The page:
Moyamoya syndrome predisposes patients to ischemic or hemorrhagic stroke due to progressive narrowing of intracranial vessels with subsequent small-vessel collateralization. Dural arteriovenous fistulae (DAVFs) are most commonly noted after venous sinus or cortical vein thrombosis and are believed to be primarily due to venous hypertension and elevated sinus pressures, although there is no known association with moyamoya syndrome, or with surgical treatment for moyamoya disease (MMD). The authors present the case of a 14-year-old girl with Down syndrome treated using pial synangiosis for MMD who subsequently was noted to have bilateral DAVFs. This case provides a new perspective on the origins and underlying pathophysiology of both moyamoya syndrome and DAVFs, and also serves to highlight the importance of monitoring the moyamoya population closely for de novo cerebrovascular changes after revascularization procedures.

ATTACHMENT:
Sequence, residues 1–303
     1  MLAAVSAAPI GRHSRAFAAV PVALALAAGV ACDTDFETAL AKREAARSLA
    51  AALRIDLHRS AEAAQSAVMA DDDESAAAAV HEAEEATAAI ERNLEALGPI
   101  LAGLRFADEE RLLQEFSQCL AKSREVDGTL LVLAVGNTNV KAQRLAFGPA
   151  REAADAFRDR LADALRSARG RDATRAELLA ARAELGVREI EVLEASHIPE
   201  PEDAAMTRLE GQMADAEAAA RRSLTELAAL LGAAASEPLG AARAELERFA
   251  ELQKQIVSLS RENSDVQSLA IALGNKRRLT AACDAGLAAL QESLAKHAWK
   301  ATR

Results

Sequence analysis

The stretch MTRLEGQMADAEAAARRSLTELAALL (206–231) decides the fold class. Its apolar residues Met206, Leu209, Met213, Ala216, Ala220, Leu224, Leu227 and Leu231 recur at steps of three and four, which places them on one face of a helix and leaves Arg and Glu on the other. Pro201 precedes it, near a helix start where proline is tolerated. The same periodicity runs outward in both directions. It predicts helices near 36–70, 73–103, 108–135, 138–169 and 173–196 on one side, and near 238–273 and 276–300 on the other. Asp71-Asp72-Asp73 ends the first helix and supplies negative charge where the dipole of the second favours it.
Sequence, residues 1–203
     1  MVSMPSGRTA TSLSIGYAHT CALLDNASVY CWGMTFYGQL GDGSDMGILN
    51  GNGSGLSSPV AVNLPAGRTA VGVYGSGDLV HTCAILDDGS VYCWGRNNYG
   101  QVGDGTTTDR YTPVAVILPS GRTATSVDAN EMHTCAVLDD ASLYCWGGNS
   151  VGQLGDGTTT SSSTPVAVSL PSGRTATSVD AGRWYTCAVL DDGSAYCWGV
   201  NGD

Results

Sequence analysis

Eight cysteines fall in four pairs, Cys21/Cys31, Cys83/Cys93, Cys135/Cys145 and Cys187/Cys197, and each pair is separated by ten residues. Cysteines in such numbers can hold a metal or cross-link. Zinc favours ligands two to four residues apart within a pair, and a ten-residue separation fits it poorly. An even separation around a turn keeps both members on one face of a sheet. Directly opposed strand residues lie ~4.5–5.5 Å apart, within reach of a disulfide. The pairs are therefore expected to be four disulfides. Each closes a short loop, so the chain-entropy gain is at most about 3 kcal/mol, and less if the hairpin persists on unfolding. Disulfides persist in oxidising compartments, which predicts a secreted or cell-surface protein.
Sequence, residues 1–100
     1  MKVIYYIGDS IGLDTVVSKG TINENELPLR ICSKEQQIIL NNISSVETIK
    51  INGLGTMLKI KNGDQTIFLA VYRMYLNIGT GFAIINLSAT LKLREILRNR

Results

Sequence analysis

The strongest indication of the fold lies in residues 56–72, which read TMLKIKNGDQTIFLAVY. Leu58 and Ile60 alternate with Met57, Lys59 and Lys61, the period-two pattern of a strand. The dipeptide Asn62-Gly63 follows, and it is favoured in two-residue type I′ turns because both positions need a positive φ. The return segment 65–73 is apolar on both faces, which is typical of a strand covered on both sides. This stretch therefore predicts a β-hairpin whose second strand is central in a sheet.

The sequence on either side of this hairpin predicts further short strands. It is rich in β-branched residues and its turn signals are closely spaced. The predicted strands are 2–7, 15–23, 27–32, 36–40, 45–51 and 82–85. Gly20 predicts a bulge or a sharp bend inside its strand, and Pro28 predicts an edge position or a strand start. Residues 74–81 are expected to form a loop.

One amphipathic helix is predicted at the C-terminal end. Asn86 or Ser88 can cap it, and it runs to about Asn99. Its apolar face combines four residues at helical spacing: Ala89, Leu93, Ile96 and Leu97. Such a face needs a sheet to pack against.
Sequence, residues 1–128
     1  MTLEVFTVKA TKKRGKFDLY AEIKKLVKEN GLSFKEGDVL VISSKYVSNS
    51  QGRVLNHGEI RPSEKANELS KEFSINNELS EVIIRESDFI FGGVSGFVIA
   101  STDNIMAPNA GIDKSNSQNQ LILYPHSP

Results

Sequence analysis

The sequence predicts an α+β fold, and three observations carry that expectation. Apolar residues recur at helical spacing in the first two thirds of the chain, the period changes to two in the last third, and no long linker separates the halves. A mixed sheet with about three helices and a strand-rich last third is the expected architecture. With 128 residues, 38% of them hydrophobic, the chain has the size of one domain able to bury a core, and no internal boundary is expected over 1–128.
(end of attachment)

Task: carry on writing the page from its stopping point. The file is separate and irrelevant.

FujimuraMKimuraNEzuraMNiizumaKUenoharaHTominagaT: Development of a de novo arteriovenous malformation after bilateral revascularization surgery in a child with moyamoya disease. J Neurosurg Pediatr13:647–6492014
ScottRMSmithJLRobertsonRLMadsenJRSorianoSGRockoffMA: Long-term outcome in children with moyamoya syndrome after cranial revascularization by pial synangiosis. J Neurosurg100 (2 Suppl Pediatrics):142–1492004
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